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Time is Ripe for Innovation in the World of Sovereign Debt Restructuring

4 days ago

By Peter Breuer and Charles Cohen
中文, Español, Français, Português, Русский 
When corporations have too much debt and need to restructure i, creditors often end up exchanging bonds or loans for stocks. They trade the guaranteed payout of a fixed-income investment for an equity position whose return depends on the company’s future results. In other words, investors accept to share risk. Could a similar mechanism be applied when a sovereign nation has to restructure its debt, tying payouts to its future economic performance? New IMF staff research looks at possible innovative sovereign debt instruments that could do both: help creditors and debtors reach agreement on how to restructure debt by sharing some upside potential, and make a country’s debt portfolio more resilient to future

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Continued Strong Policy Action to Combat Uncertainty

4 days ago

By Kristalina Georgieva
Español, Français, 日本語, Português, Русский 
As G20 leaders meet virtually this week, the global economy faces a critical juncture. Countries have started to climb back from the depths of the COVID-19 crisis. But the resurgence in infections in many economies shows just how difficult and uncertain this ascent will be.
The good news is the significant progress on vaccine development. While there are many caveats, this raises hopes of vanquishing the virus that has taken more than a million lives and caused tens of millions of job losses.

Multilateral efforts are vital to help the poorest economies through the crisis.

The not-so-good news is the severity of the pandemic and its negative economic impact. Last month, the IMF projected a historic global GDP contraction

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Chart of the WeekIMF Lending Lifeline: Addressing Urgent Financing Needs Brought on by the Pandemic

7 days ago

IMF Blog
 Español, Français, Português
The human toll and global economic disruption from the COVID-19 pandemic triggered unprecedented demand for financing. More than 1/3 of the IMF’s membership have received relief from the Fund. Since the onset of the pandemic, the IMF has responded rapidly and decisively to meet urgent and exceptional demand for financial assistance from its membership.
Since March 2020, 70 members, including many low-income countries, have received financial support under the two instruments created to address urgent financing needs that may arise from natural disasters (including pandemics, earthquakes, hurricanes): the Rapid Credit Facility and the Rapid Financing Instrument. That support totaled over $29 billion. In April, the IMF also approved a broad package

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Together Again: Physical Distancing on the Decline

11 days ago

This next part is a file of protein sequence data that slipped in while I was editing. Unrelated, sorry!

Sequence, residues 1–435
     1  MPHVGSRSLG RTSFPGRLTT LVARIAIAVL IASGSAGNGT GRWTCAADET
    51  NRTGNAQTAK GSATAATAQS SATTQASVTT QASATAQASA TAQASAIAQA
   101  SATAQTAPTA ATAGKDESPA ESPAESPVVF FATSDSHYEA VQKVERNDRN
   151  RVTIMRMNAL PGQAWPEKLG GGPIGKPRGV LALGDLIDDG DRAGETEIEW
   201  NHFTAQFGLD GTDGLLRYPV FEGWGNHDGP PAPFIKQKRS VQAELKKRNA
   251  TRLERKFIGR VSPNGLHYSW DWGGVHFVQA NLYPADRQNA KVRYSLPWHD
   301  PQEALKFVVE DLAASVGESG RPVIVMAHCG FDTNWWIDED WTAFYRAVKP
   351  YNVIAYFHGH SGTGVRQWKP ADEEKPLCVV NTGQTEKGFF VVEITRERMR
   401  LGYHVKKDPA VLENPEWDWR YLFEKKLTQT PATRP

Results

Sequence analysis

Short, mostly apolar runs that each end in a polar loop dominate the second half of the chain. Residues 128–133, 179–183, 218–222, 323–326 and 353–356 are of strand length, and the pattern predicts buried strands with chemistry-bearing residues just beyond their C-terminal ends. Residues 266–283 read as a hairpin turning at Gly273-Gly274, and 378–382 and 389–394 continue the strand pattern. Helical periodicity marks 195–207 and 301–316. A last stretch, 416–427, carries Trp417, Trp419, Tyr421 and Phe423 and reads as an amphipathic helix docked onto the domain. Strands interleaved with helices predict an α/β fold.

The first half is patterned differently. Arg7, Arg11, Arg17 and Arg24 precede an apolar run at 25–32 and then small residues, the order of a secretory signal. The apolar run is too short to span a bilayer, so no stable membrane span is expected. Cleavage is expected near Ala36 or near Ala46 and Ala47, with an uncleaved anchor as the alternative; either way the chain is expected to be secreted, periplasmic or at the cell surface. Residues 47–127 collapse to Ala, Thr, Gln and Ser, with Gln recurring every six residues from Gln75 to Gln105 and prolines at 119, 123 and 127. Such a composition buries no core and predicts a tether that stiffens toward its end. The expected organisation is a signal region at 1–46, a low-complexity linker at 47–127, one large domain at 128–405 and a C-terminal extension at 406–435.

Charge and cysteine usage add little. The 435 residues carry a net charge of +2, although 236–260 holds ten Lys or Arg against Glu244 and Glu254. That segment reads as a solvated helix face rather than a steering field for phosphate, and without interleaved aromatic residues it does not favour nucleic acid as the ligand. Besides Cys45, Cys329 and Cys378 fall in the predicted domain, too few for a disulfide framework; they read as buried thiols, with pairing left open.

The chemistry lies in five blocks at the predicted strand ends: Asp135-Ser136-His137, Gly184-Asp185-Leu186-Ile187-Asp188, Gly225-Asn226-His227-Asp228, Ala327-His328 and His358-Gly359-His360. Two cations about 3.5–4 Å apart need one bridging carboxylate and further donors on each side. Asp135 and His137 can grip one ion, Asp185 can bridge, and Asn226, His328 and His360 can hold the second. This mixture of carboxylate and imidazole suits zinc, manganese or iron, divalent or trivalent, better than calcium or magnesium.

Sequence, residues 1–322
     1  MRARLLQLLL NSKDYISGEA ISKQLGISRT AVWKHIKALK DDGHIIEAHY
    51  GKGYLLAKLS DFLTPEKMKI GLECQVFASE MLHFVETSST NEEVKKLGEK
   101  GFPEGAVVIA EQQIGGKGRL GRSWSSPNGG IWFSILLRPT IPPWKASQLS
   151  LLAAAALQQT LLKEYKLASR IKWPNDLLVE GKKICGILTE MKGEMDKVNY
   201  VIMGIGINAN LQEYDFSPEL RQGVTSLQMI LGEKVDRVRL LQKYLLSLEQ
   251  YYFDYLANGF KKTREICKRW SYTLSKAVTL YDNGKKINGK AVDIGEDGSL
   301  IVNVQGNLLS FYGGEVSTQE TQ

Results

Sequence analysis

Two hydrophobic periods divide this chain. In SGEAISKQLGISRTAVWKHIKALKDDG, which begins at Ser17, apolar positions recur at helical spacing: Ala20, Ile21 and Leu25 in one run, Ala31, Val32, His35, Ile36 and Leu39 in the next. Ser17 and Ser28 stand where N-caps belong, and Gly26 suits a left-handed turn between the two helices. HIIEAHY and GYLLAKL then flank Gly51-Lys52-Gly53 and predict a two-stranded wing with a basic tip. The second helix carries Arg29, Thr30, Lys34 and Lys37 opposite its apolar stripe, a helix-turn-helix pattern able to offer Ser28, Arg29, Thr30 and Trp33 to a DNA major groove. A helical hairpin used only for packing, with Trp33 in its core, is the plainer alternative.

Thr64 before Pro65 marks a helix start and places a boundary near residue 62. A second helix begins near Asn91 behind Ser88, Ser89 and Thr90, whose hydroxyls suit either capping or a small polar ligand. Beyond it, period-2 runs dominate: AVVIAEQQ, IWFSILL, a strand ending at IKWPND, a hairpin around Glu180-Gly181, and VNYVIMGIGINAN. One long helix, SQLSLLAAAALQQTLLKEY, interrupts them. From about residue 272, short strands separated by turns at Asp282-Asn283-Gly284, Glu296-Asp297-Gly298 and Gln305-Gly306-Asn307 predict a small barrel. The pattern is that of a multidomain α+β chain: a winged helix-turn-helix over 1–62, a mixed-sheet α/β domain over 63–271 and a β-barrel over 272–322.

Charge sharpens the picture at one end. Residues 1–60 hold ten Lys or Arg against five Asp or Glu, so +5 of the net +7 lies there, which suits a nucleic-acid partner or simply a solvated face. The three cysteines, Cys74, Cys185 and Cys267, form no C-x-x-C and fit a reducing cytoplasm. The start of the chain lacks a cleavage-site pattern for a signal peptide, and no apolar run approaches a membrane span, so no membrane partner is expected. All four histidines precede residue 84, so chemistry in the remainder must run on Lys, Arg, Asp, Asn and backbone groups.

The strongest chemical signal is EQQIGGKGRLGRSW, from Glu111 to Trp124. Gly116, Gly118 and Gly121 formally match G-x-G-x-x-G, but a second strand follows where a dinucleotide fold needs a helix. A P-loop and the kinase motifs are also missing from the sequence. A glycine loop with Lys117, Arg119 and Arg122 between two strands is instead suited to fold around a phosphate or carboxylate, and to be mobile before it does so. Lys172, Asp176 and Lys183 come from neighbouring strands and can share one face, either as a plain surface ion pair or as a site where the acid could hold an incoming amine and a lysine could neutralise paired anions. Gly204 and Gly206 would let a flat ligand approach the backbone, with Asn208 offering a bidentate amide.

Era Dabla-Norris, Frederico Lima, and Hibah Khan
Earlier this year, stringent lockdowns and uncertainty about the severity and transmission of COVID-19 led to the widespread adoption of physical distancing measures across the world. However, as COVID-19 outbreaks began to ebb and lockdowns eased over the summer, measures tracking mobility, such as Google Community Mobility Reports, showed that adherence to keeping our distance from others began to relax. Our ongoing research finds that these increases in mobility were indeed matched by a significant decline in self-reported compliance for a range of recommended COVID-19 behaviors across many advanced and emerging economies.

Many people were seeking to balance the behaviors recommended to slow the spread of the virus with the need to

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Chart of the WeekData Disruption: The Impact of COVID-19 on Inflation Measurement

13 days ago

By Marshall Reinsdorf
Lockdowns, working from home, and physical distancing caused people to spend larger shares of their household budgets on food and housing, while fewer people bought nonessentials, like airline tickets and clothing. And with incomes down as millions have lost their jobs, spending on nonessential items will likely remain depressed.
The consumer price index (CPI) does not reflect these abrupt changes in spending patterns because the CPI weights are not continuously updated. For example, the CPI could be pulled down by a decline in the prices of nonessentials that are no longer purchased.
A new IMF staff paper uses spending estimates derived from credit and debit card data to adjust the CPI weights to match spending patterns during the pandemic. The study finds that

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Bridging the Digital Divide to Scale Up the COVID-19 Recovery

18 days ago

By Patrick Njoroge and Ceyla Pazarbasioglu
عربي, 中文, Español, Français, 日本語, Português, Русский 
Digitalization has in the past few years enabled developing countries in particular to leapfrog on financial inclusion. Countries like Kenya, Ghana, Rwanda and Tanzania have made great advances in connecting their citizens to financial systems by leveraging on mobile phone technology.

Digitalization must be driven by the needs of the people and work for them.

As the world has grappled with the COVID-19 pandemic, with closing of borders, curfews, lockdowns and other movement restrictions, digitalization has come to the rescue. Online shopping and entertainment, digital financial services, virtual meetings and events have taken center stage in lives and livelihoods globally.
Digital solutions